Mark is available to lecture on tropical exploration and the societies of humans and other animals.

Conservation and the behavior of humans and animals don’t need to be presented as dry statistics and dismal news. Mark challenges himself to find new ways to tell stories about the little-known in the natural world. Through his scientific knowledge and unique, first-hand experiences, he introduces a Universe of special creatures in his smart, adrenaline-packed appearances. Here are three of his lecture topics:

  • Mark looks at societies across the animal kingdom, and in humans right up to the present day.  How do those societies stay intact over the long haul, and what causes them to inevitably break down?  How, for example, do we humans accommodate strangers in our societies, when most species cannot?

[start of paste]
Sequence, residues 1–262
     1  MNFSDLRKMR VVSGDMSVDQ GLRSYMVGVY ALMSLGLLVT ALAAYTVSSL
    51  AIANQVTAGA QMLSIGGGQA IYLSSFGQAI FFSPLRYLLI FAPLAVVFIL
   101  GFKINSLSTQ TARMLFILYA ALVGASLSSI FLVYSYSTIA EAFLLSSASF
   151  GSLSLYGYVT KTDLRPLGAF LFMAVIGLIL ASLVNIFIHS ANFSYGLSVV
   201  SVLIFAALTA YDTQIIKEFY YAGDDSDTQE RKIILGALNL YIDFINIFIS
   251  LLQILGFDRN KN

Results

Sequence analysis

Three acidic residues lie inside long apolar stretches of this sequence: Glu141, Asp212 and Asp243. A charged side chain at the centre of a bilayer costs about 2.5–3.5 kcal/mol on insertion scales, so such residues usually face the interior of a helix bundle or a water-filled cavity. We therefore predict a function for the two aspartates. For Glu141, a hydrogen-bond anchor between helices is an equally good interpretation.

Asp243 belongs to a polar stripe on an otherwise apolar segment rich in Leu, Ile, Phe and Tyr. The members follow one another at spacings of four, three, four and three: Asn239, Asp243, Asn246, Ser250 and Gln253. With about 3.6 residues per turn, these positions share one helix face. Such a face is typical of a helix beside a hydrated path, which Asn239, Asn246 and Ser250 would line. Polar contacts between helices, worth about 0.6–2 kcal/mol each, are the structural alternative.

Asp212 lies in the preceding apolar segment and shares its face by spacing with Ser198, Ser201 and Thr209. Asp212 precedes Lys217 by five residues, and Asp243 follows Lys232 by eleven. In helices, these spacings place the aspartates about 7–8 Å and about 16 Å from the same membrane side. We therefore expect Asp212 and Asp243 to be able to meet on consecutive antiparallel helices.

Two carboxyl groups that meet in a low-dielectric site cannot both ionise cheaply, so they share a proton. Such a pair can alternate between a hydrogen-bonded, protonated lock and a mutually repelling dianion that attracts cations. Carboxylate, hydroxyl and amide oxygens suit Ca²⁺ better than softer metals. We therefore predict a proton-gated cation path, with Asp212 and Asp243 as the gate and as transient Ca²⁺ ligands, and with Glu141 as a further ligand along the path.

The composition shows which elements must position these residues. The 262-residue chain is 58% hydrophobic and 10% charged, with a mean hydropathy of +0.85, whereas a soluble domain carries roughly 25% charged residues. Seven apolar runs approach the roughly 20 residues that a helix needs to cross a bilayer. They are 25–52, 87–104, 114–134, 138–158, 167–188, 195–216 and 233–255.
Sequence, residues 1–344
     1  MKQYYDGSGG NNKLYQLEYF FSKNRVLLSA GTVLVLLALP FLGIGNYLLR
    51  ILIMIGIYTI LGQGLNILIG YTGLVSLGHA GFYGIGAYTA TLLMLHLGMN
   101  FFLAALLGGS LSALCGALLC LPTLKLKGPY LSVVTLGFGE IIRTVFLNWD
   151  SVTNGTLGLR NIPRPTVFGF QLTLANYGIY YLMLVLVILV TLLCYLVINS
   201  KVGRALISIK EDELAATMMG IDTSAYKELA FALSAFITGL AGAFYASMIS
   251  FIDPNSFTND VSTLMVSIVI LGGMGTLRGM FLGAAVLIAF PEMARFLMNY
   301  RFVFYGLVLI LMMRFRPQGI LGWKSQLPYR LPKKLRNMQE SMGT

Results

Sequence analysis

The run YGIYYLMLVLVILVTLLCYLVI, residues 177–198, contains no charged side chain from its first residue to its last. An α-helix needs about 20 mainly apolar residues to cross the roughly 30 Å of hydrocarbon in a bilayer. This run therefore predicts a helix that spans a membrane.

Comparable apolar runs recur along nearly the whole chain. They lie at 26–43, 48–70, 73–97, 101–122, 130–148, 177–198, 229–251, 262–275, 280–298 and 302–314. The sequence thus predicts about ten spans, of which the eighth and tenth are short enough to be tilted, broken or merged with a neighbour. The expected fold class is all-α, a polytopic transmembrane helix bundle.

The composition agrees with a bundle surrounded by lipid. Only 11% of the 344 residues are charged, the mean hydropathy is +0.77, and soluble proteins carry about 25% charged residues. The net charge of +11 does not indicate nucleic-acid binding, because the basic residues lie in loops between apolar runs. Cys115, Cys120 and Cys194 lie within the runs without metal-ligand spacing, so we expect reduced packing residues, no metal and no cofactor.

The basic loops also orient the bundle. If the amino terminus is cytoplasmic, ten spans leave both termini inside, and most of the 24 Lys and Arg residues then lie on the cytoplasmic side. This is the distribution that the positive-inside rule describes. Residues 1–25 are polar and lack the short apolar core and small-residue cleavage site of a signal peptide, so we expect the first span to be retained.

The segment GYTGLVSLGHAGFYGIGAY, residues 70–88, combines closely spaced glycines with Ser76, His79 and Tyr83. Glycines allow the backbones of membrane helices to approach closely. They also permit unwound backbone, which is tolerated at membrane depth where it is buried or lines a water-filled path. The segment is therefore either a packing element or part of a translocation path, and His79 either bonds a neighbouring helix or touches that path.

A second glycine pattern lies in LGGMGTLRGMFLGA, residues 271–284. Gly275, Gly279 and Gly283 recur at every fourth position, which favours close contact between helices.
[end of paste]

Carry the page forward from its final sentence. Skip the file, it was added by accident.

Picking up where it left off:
• Why modern humans are more like certain ants than we are like our nearest relatives, the chimpanzees.  I describe why comparisons of ants and humans are valuable, and how ants are able to build societies more complex than we find for any other species in nature other than our own.
  • Rainforests resemble a city, their architectural space providing accommodations for millions of residents. How are rainforests put together, and in what ways do they compare to other natural communities, from coral reefs to (believe it or not) the metropolises of bacteria thriving on our teeth.

And despite the seriousness of these topics Mark keeps his presentations fun, accurate, and fascinating. "You haven't lived until you've seen Dr. Moffett imitate the mating dance of a frog or praying mantis," proclaimed retired editor Mary G. Smith at one of his lectures for the National Geographic Society. Below is a spot-on portrait of Mark in action on stage by the master New Yorker cartoonist Roz Chast.

Comedy show

Mark even tries his hand at standup at New York venues like Gotham and The Creek & the Cave.

College and university talks:
Theo Moll, Vice President
Keppler Speakers
3030 Clarendon Blvd
Arlington, VA 22201
Corporate talks:
Deborah Benson Walsh
National Geographic Speakers Bureau